Jessie Nieblas: So the big central theme is that disasters exacerbate all existing inequalities, including vulnerability to sexual violence, but also racism, economic injustice, homophobia, transphobia. All of these things get exacerbated and sometimes brought to the surface by disasters.
Disasters can also create new vulnerabilities. For example, people might be engaging in survival sex for housing, they might stay or go back to unsafe living conditions. If they have other marginalized identities, they might not feel comfortable with mainstream services that are available like mainstream shelters or going to law enforcement authorities to report something or to seek safety.
We found that places where there are strong systems of prevention and response in place — and where the kind of regular work around partnerships and capacity building, and the ordinary operations and preparations can impact the severity and can mitigate some of the damage.
Do you think sexual violence prevention should be incorporated into disaster response? How would you assess efforts to do that throughout Louisiana?
It 100 percent should be, and how it varies from location to location. I will say that the majority of disaster planning seems to happen right after a disaster. Then we tend to cross our fingers that it won’t happen again and get back to the regular business of prevention and response. That happens with me sometimes, too. You’re never more motivated than when it is directly affecting you in your communities. Then there’s also just so much work to be done in the day to day that sometimes it does get forgotten.
So I will say, yes, it absolutely should happen more, and also we all need to be a part of just continuous disaster planning. Our centers and LaFASA, we are always open and available to provide that training around responding to folks during a disaster, creating a disaster plan that incorporates sexual violence prevention or response.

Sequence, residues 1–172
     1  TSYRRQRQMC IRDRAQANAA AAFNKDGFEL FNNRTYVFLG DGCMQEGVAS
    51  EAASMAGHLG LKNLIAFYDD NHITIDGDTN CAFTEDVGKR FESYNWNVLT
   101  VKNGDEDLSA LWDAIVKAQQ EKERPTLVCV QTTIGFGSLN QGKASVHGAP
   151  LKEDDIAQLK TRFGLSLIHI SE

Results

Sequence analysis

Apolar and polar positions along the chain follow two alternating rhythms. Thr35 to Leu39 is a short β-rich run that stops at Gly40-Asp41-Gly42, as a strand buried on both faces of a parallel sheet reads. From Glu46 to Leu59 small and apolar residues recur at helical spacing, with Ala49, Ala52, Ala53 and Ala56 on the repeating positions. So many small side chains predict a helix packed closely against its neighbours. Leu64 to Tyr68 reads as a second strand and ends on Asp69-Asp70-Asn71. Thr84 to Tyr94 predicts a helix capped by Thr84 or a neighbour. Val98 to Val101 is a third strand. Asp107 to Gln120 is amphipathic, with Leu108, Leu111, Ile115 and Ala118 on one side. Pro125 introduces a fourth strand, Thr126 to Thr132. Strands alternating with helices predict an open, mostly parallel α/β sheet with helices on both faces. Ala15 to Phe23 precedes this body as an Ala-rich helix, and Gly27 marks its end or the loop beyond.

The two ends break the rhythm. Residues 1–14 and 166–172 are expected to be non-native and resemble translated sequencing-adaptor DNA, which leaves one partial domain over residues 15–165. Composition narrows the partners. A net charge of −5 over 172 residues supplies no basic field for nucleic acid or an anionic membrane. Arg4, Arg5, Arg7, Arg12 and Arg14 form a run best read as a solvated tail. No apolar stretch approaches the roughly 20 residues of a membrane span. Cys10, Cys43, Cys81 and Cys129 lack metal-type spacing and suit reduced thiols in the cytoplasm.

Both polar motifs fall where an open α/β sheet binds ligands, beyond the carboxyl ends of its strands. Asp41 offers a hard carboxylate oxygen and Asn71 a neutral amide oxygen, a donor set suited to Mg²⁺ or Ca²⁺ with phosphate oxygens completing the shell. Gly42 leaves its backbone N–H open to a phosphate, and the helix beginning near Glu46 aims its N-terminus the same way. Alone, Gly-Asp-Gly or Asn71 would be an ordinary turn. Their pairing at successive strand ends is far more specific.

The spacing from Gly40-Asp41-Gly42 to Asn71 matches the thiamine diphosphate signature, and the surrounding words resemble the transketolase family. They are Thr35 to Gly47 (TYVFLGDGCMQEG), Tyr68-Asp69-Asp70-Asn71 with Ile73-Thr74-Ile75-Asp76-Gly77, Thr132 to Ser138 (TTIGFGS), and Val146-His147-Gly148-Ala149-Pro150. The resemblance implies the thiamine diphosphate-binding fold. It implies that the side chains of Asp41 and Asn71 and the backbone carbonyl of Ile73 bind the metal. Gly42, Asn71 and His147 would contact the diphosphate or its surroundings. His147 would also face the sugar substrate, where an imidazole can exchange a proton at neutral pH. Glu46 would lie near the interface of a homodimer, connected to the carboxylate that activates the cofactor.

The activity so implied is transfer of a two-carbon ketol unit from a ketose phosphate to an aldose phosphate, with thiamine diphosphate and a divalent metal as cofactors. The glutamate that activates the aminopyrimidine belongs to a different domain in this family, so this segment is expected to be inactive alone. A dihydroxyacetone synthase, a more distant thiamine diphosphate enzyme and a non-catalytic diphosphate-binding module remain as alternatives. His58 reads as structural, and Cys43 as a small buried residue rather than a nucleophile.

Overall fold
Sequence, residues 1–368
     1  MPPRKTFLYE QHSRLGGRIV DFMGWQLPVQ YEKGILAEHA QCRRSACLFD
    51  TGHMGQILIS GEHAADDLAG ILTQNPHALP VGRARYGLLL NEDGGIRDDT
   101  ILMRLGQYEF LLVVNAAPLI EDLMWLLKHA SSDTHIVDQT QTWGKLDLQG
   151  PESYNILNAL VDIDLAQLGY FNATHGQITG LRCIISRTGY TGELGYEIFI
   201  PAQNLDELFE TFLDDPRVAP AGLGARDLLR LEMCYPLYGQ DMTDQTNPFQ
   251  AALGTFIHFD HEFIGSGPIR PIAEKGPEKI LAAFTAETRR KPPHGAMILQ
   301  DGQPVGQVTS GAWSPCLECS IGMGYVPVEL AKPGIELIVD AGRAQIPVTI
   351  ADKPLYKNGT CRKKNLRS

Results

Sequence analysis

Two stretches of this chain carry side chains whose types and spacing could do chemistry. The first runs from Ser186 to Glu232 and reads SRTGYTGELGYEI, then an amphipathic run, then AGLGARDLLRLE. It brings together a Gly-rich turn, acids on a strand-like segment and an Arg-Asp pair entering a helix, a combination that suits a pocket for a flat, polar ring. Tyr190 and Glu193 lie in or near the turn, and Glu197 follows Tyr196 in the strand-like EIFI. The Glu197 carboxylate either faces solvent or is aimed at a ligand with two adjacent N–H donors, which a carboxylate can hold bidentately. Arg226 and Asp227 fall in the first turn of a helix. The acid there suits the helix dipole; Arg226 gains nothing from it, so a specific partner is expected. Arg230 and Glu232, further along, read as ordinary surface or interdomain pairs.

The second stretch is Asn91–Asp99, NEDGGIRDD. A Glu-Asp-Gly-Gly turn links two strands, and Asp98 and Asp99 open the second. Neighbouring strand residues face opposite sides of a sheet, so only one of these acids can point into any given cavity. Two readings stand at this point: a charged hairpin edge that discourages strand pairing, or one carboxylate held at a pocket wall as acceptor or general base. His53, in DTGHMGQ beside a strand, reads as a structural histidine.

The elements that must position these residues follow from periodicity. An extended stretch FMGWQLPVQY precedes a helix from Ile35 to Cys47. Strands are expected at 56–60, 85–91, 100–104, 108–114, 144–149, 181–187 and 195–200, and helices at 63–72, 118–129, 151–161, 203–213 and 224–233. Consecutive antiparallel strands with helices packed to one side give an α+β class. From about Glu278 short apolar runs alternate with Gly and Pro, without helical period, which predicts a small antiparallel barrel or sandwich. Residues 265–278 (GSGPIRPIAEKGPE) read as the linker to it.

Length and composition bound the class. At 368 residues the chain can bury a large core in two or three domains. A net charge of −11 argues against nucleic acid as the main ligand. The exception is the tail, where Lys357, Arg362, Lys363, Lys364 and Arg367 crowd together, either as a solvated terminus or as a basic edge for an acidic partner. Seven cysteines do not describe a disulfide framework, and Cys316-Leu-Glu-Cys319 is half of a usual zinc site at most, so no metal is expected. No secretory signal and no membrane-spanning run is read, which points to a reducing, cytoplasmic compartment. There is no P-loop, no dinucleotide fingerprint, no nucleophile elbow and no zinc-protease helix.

I do think that a robustly funded program that takes into account gender-based violence, prevention and response is essential for our community. I would encourage policymakers to create that mandate. There are agencies that are doing it as an ongoing practice. The [Louisiana Alliance of Children’s Advocacy Centers], for example, has a cool disaster preparedness program.
Addressing sexual violence as a whole is important, but are there specific things that can be done from the local, state and federal levels to anticipate and better support people in the case of these disaster situations?
It’s things like understanding where another service provider will take over a hotline, for example, or having the capacity to redirect services so that there’s a seamless connection.
It’s things like making sure law enforcement offices are equipped to take courtesy reports and that officers are trained on how to do that effectively. So if you’re [assaulted] in New Orleans, and you evacuate to Memphis and you go to the Memphis Police Department, they would be able to take the report in an effective way.